An effective data centre is more than just some racks of servers with a bit of networking and storage attached.
It needs to be versatile, easy and quick to flex and reconfigure, both manually and automatically, and it needs to keep up with the demands of the applications that run there.
Historically, though, many of the components of the data centre have been purchased and installed separately. How can we pull all these components into a coherent whole? How, in other words, do we defragment our data centre?
If it’s broke, fix it
There is no point in trying to build a fence with rotten planks. No matter how well you nail them together, you will be playing hunt-the-tortoise before you have put your toolbox away.
So before you start considering how to make your kit work together, you need to ensure that the standalone elements are up to the job and configured in such a way that they stand a chance of working as hoped.
This is often a very simple matter of checking for obvious problems. Over the years I have seen some interesting setups: one example was a data centre LAN with servers and storage connected via multi-gigabit trunks, whose layer 3 functionality was offloaded to a low-end router that couldn't route at more than a couple of hundred Mbps.
Another was a chassis-based server setup that aggregated hundreds of virtual machines over a puny 4Gbps uplink.
There was also the dual-Gigabit LACP trunk where they had forgotten to enable LACP on one end; and a backup solution that would have gone twice as fast if someone had configured some simple network parameters properly. (We will come back to that last one later.)
So before you do anything take a step back and say: “Have we done something daft?” And if the answer is yes, fix it. Don't take forever over it but at least make sure you have unticked the “wally” box.
Once things are looking a bit more sensible, you need to consider the touch points between the components of the infrastructure.
My personal favourite is where VMware ESXi hosts connect to the LAN. With my network manager hat on, I once spent a happy afternoon with the server guy and Mr Google. At the end of it we had quadrupled the speed of some LACP-trunked ESXi hosts just by working methodically through the LAN port config on both ends and reconfiguring it.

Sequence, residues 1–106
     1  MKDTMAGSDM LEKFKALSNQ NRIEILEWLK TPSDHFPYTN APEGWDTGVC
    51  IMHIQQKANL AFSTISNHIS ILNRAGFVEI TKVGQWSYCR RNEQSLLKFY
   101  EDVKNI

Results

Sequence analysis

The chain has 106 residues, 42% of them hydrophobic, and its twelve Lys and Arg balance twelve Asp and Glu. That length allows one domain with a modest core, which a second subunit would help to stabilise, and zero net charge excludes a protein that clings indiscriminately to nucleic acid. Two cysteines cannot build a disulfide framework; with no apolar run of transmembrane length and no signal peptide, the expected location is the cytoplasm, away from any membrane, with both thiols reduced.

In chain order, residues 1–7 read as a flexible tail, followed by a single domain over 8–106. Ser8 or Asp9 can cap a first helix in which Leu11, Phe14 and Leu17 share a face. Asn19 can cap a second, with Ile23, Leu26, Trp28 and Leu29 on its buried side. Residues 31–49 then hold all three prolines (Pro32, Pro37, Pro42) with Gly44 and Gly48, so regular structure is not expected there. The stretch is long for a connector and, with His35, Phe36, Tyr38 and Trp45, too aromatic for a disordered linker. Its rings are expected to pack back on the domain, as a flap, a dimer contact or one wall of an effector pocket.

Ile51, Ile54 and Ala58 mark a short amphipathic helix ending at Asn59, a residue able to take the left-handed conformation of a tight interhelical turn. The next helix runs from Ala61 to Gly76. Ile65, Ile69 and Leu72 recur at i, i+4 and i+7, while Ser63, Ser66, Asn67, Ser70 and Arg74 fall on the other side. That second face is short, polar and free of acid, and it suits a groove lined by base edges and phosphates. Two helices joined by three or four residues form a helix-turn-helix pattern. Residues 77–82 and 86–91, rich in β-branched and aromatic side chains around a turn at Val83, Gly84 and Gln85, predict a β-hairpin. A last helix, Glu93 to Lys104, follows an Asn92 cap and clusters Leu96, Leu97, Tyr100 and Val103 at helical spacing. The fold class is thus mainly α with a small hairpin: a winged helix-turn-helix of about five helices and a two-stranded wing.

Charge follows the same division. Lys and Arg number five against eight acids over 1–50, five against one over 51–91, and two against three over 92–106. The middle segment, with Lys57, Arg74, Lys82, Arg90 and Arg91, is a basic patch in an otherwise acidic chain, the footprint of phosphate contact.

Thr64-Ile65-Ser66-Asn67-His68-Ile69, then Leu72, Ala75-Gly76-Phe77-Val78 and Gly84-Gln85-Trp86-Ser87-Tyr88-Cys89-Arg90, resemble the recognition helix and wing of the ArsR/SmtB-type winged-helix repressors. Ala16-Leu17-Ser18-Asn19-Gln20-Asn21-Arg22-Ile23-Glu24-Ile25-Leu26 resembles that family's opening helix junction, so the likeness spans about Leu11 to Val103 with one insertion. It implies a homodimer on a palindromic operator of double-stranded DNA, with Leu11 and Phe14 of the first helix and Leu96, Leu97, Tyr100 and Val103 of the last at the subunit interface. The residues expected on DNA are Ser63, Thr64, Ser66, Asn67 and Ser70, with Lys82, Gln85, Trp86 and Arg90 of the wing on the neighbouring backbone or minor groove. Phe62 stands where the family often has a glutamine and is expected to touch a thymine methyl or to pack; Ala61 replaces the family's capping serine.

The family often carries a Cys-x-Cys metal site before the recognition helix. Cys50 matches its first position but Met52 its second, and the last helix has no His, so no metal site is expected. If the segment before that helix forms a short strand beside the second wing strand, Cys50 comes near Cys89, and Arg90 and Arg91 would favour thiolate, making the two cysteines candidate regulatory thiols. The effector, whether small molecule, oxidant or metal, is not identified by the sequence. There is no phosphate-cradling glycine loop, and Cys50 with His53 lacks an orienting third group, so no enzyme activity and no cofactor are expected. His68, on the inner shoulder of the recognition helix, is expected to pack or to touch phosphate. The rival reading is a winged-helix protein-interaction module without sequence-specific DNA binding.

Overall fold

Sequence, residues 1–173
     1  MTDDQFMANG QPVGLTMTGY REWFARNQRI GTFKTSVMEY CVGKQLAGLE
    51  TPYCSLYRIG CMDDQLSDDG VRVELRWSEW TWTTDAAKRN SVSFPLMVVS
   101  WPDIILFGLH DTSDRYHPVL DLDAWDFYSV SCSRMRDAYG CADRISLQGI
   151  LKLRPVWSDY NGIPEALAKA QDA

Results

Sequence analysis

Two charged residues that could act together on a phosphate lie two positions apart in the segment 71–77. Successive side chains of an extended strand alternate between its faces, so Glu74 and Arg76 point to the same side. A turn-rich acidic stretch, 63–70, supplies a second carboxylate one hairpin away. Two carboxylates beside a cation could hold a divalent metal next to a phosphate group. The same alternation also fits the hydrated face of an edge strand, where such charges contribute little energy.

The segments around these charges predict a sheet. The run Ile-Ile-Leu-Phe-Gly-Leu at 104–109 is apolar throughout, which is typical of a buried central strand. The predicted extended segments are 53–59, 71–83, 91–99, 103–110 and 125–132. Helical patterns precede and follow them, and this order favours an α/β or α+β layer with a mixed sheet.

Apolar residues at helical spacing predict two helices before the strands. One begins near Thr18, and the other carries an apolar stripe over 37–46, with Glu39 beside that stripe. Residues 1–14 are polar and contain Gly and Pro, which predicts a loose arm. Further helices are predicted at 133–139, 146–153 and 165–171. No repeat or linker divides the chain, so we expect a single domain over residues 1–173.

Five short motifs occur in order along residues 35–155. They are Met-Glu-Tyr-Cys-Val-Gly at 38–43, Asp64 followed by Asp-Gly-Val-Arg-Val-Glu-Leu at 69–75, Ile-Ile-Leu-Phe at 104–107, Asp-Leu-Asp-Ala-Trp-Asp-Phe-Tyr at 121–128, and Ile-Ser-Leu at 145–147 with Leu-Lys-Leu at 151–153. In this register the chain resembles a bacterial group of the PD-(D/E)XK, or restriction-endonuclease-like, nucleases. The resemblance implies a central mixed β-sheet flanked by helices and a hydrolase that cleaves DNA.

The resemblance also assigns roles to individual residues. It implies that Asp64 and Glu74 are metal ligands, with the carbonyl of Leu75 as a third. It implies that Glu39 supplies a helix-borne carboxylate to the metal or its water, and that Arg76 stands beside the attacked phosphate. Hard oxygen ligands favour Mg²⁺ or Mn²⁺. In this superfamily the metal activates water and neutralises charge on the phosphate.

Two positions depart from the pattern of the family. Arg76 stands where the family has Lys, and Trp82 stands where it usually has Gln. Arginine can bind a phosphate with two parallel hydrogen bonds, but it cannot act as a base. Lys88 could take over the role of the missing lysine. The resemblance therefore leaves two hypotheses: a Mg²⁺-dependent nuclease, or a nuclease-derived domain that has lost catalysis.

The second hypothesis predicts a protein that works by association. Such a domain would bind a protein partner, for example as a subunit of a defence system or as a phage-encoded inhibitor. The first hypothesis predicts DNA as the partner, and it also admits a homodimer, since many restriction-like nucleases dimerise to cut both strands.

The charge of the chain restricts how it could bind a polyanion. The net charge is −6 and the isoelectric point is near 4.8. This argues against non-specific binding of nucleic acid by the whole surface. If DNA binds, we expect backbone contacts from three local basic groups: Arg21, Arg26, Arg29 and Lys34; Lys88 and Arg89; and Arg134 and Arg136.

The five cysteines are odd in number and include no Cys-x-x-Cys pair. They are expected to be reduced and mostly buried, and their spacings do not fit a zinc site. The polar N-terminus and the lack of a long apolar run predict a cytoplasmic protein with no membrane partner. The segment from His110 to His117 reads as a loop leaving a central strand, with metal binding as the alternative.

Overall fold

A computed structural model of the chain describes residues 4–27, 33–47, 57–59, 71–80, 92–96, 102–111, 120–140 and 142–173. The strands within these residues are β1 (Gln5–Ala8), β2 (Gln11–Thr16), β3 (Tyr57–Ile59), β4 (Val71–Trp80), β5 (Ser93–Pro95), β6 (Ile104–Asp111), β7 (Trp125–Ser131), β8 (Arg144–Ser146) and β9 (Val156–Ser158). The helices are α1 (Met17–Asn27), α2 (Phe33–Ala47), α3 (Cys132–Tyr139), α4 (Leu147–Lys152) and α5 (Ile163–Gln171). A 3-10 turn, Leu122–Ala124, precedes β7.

This is where you need your subject matter experts to come together and collaborate – perhaps for the first time. The backup instance I mentioned earlier was a classic illustration of the need for collaboration.
You need the configuration to be the same on all the components: the link from the storage to the backup server (if it is iSCSI connected), the backup server operating system, the switch and router ports at every point from the backup server to the device being backed up, the virtual switches (if you are in a virtual environment) and the guest server operating system.
One misconfiguration and everything is going to go at the speed of the lowest common denominator. To get it right you need the storage, network and server guys to get their heads together and set it up together.
Extend the thinking to all the core touch points, then, starting with the obvious ones. Some examples are:
- Storage/servers: get the trunking and framing optimal and if you are using software-based iSCSI initiators in a virtual server setup, buy yourself some hardware iSCSI-capable adaptors instead.
- Storage/network: trunking and framing again, and if you are using SAN-based Fibre Channel switches, zone them correctly.
- Servers/network: trunking and framing yet again. Validate the bandwidth available to the servers and if it is multiply connected, monitor the traffic and tweak the settings to spread the load nicely. You will sometimes find that one link gets hammered while others do nothing, which is of course inefficient.
Consider also the number of places where your servers and storage touch the network. In a virtual server setup there is really no excuse, for instance, for backing servers up over the production subnet/VLAN – particularly if the backup server is on a different VLAN from the devices being backed up. It just means your router is being hammered.
Instead drop in a dedicated VLAN for backups, plumb it into your vSwitches (no downtime required) and add a dedicated backup NIC to each of the servers you are backing up (again, there is generally no downtime). And if you are being really sensible you will do backups at hypervisor level anyway, instead of agent-based ones on each virtual machine’s guest operating system.